Chiara Bottici’s General Seminar Lecture: Rethinking the Biopolitical Turn
“Let me begin, actually, by introducing the devil.” With these words, on March, 4, 2015, Chiara Bottici opened her presentation to the General Seminar of the New School for Social Research, founded by the original members of the University in Exile and continuously running ever since. Bottici, quoting the words of Mephistopheles in a scene from Goethe’s Faust, “for just where meaning fails, you see, a new word will come in…”, elegantly set out her task: to demonstrate and examine fundamental political change, as revealed by fundamental changes in the way we understand politics. She asks: “What was politics before and what has it become after the so-called biopolitical turn?”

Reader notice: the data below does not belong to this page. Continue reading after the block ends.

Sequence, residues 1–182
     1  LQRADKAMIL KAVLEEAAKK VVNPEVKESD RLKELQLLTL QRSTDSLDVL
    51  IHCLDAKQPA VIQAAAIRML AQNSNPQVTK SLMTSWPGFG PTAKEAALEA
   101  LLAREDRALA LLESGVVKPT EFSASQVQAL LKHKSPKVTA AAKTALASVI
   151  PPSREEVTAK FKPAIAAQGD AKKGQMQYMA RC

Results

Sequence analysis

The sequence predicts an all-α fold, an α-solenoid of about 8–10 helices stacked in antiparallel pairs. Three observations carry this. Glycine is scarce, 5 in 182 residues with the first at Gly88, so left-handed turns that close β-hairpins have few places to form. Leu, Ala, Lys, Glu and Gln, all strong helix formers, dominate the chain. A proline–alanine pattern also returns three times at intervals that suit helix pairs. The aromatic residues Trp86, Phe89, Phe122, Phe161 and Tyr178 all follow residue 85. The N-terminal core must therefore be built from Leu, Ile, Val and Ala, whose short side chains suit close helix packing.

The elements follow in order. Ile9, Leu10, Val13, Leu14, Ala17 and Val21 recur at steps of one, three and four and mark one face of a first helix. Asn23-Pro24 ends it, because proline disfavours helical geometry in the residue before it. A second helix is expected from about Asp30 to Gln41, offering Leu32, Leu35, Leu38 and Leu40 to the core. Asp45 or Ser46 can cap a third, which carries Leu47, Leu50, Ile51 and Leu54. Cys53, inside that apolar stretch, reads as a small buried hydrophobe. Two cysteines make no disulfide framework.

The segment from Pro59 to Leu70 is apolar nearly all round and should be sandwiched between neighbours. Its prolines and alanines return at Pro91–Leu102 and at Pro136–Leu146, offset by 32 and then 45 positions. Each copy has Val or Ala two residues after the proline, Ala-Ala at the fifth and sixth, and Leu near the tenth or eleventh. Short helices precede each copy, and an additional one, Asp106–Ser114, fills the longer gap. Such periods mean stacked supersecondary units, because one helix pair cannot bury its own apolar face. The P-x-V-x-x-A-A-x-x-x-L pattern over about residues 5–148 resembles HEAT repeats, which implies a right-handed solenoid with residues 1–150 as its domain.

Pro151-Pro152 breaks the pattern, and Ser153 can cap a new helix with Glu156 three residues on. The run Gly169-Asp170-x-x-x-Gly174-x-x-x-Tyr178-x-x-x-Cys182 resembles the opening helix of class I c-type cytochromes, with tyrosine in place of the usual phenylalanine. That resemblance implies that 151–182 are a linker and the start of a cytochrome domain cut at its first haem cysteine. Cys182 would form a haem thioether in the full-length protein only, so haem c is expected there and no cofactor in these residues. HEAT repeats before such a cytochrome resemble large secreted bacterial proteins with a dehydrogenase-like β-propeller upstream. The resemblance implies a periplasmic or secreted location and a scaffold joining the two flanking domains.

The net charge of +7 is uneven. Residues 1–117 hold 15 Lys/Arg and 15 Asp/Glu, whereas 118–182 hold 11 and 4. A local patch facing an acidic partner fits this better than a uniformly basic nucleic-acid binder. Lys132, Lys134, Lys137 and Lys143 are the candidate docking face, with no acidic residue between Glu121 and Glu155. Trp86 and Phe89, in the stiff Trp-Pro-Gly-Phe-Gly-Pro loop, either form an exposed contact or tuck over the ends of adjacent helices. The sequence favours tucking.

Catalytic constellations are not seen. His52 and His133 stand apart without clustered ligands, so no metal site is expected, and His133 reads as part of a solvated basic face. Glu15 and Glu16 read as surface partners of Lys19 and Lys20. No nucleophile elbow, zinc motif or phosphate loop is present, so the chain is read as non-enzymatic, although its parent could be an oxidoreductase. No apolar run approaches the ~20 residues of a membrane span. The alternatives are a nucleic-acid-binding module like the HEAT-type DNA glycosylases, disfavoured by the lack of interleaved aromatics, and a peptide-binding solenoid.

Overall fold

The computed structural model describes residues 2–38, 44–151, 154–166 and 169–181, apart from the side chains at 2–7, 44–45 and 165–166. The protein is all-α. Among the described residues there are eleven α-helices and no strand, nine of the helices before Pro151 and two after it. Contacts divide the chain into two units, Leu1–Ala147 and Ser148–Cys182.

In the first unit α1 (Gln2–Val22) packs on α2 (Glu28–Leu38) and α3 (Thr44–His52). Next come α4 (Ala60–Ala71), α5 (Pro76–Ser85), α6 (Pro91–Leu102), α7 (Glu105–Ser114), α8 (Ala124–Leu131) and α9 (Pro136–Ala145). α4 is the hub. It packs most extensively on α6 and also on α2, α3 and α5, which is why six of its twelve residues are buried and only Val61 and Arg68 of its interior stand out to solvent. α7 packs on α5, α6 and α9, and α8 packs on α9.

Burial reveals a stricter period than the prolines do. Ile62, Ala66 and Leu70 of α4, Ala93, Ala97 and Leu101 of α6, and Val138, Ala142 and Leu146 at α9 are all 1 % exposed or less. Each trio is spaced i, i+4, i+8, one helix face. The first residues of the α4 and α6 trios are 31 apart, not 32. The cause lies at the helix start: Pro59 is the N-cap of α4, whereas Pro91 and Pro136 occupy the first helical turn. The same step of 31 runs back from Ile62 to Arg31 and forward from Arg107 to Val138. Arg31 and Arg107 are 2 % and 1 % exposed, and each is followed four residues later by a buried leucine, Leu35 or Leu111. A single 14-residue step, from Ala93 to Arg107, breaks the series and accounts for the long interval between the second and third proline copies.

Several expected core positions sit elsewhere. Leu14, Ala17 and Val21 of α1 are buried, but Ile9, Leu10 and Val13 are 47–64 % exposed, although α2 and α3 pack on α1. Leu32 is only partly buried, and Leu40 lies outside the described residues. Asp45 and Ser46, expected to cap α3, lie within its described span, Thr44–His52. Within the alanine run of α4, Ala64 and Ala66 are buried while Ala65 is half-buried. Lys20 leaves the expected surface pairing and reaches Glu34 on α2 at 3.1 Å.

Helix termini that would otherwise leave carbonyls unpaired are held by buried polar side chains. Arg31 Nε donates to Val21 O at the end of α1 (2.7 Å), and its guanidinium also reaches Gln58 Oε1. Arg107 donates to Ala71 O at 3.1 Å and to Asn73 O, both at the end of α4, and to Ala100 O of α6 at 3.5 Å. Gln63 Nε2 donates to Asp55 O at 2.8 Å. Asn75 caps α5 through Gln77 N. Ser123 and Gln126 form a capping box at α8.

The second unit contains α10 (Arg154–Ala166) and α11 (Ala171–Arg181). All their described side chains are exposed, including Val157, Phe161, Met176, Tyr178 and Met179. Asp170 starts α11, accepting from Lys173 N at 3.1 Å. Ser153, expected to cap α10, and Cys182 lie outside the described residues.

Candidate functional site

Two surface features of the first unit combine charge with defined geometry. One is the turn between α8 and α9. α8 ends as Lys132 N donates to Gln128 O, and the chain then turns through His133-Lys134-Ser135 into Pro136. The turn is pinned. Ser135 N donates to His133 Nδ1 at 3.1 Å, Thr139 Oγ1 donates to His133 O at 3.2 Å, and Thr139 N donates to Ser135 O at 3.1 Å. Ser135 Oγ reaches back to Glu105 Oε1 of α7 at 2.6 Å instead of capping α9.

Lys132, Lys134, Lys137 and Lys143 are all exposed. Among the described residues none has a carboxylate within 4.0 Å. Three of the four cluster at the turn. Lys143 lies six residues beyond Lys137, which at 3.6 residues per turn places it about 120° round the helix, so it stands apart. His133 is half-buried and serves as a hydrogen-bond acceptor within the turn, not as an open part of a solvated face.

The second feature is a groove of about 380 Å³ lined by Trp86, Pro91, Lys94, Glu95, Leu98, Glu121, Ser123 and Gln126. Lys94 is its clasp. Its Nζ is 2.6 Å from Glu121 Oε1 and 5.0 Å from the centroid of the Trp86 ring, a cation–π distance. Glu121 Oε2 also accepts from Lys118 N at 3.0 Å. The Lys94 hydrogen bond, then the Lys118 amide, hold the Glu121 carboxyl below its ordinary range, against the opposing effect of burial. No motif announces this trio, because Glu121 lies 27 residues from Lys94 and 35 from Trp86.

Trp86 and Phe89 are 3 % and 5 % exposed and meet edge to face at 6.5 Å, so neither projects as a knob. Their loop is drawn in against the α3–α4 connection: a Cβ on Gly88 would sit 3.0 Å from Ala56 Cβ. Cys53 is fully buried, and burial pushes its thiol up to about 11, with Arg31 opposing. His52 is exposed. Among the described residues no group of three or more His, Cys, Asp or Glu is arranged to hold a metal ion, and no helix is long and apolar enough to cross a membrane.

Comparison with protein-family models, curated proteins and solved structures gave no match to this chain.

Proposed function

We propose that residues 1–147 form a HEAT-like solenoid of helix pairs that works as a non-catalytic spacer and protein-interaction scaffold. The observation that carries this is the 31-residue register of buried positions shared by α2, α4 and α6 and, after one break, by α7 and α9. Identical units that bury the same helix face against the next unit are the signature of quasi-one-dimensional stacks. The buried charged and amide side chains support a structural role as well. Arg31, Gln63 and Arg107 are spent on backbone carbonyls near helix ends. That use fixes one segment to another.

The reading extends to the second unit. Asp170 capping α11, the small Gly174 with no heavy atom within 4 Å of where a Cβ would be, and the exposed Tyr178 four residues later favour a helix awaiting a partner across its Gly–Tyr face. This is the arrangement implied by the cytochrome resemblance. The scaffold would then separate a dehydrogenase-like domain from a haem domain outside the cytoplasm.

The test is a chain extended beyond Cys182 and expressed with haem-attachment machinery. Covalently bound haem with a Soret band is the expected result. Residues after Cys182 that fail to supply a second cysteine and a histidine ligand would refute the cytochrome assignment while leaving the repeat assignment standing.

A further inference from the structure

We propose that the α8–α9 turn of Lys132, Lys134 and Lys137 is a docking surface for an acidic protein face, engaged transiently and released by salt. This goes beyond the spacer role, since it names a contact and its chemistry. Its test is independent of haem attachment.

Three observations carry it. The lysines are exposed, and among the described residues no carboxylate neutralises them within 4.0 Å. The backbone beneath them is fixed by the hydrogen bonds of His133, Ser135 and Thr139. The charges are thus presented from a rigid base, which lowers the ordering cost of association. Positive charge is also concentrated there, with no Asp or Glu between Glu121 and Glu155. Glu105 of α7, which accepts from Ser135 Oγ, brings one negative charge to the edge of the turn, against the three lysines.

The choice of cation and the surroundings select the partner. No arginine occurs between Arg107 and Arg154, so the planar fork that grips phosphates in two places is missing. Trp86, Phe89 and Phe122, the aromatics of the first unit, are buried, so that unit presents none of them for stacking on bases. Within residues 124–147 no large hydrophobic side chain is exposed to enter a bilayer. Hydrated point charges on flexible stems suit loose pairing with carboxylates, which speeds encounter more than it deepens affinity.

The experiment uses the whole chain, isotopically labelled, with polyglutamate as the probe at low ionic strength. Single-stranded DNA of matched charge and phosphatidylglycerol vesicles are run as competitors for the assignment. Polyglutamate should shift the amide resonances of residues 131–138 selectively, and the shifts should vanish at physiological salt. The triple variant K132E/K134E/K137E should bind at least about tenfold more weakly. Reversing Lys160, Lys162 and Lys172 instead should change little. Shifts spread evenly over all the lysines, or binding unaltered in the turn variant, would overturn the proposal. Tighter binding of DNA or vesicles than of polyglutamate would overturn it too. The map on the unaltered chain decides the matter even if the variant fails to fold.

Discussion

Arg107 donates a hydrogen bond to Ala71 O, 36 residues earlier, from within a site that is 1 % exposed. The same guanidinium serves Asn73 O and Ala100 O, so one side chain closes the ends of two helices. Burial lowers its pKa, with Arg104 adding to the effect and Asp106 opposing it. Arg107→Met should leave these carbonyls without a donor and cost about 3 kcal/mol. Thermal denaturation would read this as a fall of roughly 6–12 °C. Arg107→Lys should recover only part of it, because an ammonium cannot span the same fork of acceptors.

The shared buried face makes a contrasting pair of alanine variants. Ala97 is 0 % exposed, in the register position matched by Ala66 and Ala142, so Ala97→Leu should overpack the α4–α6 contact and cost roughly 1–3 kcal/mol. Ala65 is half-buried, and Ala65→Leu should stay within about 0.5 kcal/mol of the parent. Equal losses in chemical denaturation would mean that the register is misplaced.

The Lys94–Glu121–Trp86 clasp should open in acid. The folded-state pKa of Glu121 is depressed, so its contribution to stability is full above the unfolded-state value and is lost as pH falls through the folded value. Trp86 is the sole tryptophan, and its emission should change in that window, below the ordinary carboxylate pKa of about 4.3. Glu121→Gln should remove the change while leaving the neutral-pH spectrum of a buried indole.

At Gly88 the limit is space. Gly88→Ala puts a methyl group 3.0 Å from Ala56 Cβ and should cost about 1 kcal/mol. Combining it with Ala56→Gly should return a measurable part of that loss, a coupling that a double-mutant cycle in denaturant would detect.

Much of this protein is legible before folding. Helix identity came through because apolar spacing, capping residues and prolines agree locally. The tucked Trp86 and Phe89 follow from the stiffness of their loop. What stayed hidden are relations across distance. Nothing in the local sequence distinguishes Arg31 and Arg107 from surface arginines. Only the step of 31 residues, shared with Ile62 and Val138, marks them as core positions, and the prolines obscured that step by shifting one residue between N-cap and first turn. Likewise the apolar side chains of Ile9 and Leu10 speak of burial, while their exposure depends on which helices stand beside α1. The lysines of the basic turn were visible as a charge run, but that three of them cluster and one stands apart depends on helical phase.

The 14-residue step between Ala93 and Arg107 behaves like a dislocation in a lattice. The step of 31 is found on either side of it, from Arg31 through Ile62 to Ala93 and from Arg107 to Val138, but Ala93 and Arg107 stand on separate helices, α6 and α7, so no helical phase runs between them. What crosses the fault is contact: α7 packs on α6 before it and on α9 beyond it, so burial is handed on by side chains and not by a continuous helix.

Bottici ranged broadly, moving between ancient and contemporary usages and practices. She provocatively proposed that politics as a set of practices, and not as a science, is a modern creation. She maintained, further, that biopolitics has been conceived in death and speculates what would happen if it was imagined in the terms of birth. She proposes, as I understood her, a radical feminist account of the biopolitical, very specifically beyond Foucault and those who have been informed by his path breaking work. The discussion following her elegantly presented lecture was very much in the tradition of the General Seminar: critical, passionate, informed by history and interdisciplinary. In the new tradition of Public Seminar, it simultaneously addressed pressing contemporary problems and enduring problems of the human condition. -J.G.